Wallabies dump winger James O'Connor after alleged drunken airport incident
Australia dump troubled winger ahead of trips to South Africa and Argentina after his latest bout of controversy trying to board a flight
Agence France-Presse in Sydney
Controversial winger James O'Connor was yesterday dumped from the Wallabies squad for an indefinite period after he was allegedly prevented from taking a flight because he was drunk.
O'Connor, who vowed just a month ago to change his ways in a bid to keep his Wallaby jersey, ended up in trouble trying to board a plane to Bali with his girlfriend hours after Australia beat Argentina in the Rugby Championship last Saturday.
Police said a 23-year-old man, widely identified in the media as O'Connor, had been removed from Perth airport.
Wallabies coach Ewen McKenzie said the player had failed "to demonstrate and uphold the behavioural and cultural standards expected within the team" and would not travel on their two-week tour to South Africa and Argentina.
"We won't be forced into making any decisions around his return until I'm satisfied that he can once again contribute positively to what we are trying to achieve as a group," McKenzie said.
"The reality is that representing your country is the ultimate honour, but also a week-to-week proposition. To be selected, players must consistently do the right things on and off the field.
"We'll continue to assess James on that basis before any team decisions are made about a return."
The Australian Rugby Union, which is investigating the incident, said that once completed, a decision on possible further action would be taken.
Wallabies captain James Horwill said he was bitterly disappointed at O'Connor.
"We're embarking on a pretty critical moment of Australian rugby, you know, a two-week tour of South Africa and Argentina and it is a big, big moment for this team," he told Fox Sports' Rugby HQ programme.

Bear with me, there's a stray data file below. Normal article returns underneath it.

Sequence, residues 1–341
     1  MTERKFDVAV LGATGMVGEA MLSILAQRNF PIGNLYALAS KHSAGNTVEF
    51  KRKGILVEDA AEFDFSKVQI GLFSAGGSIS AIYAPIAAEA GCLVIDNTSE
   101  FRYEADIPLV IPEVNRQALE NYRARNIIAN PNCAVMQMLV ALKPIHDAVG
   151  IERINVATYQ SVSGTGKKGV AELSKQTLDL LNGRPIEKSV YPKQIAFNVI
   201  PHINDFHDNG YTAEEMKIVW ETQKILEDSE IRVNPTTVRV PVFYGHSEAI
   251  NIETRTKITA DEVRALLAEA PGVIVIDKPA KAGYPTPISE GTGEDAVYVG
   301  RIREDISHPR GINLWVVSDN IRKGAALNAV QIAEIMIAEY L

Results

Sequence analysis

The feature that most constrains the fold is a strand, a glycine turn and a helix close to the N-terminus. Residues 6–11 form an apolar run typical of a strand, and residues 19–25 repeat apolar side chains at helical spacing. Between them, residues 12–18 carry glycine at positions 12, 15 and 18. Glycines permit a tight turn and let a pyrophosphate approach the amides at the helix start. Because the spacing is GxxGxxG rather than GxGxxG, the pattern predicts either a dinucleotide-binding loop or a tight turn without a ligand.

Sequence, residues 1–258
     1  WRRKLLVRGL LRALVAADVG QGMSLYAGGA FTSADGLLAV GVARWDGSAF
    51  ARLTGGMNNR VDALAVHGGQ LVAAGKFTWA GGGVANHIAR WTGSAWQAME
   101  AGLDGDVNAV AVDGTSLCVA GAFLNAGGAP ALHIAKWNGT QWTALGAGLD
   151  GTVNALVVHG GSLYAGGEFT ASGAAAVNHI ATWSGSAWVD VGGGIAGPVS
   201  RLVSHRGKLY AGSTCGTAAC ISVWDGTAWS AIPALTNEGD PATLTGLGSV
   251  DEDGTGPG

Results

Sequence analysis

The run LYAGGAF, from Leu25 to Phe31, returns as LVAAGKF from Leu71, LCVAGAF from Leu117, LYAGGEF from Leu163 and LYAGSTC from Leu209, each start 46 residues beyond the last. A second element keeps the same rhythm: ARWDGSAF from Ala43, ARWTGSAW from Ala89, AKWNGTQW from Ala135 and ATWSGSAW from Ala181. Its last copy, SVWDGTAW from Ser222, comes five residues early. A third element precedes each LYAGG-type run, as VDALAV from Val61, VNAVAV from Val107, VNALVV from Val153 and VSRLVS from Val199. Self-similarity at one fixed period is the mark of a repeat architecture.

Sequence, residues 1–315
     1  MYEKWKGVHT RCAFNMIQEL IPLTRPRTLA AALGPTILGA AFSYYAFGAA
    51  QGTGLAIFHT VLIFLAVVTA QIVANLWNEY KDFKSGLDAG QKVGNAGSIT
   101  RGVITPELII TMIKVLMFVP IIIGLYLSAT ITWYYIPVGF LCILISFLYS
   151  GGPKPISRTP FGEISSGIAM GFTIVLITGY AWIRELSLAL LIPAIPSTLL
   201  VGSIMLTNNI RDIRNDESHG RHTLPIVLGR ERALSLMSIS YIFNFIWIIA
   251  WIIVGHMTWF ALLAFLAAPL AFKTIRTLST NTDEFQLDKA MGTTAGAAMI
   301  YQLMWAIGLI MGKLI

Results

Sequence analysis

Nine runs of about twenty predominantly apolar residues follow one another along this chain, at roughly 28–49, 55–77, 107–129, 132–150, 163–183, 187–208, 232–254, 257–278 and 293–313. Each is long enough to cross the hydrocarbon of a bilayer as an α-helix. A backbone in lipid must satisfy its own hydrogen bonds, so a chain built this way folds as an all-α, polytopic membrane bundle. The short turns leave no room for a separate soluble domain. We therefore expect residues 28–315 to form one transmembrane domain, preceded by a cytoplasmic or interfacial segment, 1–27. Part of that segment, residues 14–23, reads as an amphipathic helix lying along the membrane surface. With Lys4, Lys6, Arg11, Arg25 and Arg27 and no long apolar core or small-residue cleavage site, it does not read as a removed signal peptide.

"And I guess the fact that we're sitting down talking about an off-field incident, no matter who it is, is disappointing."
Like McKenzie, he said he expected more from someone representing their country.
"The team has got strong values that we want to uphold as Wallabies and being representatives of your country," he said.
O'Connor has had a history of disciplinary issues, including being spotted at a burger bar at 4am three days before the must-win second test against the British & Irish Lions in June. He also missed the team bus for the third test.
In 2011, he was suspended after sleeping through the World Cup team announcement.
Former great Nathan Sharpe, who was O'Connor's first captain at Western Force and played alongside him in the Wallabies, said players had been disappointed by his behaviour for "a long time".
"I don't know what went on in this incident, and whether there was alcohol involved or there wasn't, but there has just been too many [of these incidents]," Sharpe told The Daily Telegraph in Sydney.
Asked if teammates were upset with O'Connor, Sharpe said: "Yeah, they are. They all are. I don't know if it will be said publicly, but I know, having been alongside most of those guys, they were disappointed a long time ago."
The Wallabies, third in the four-nation southern hemisphere Rugby Championship, are due to fly out of Australia in the coming days for the tour of South Africa and Argentina.
NSW Waratahs winger Peter Betham will replace O'Connor in the Wallabies' 28-man squad.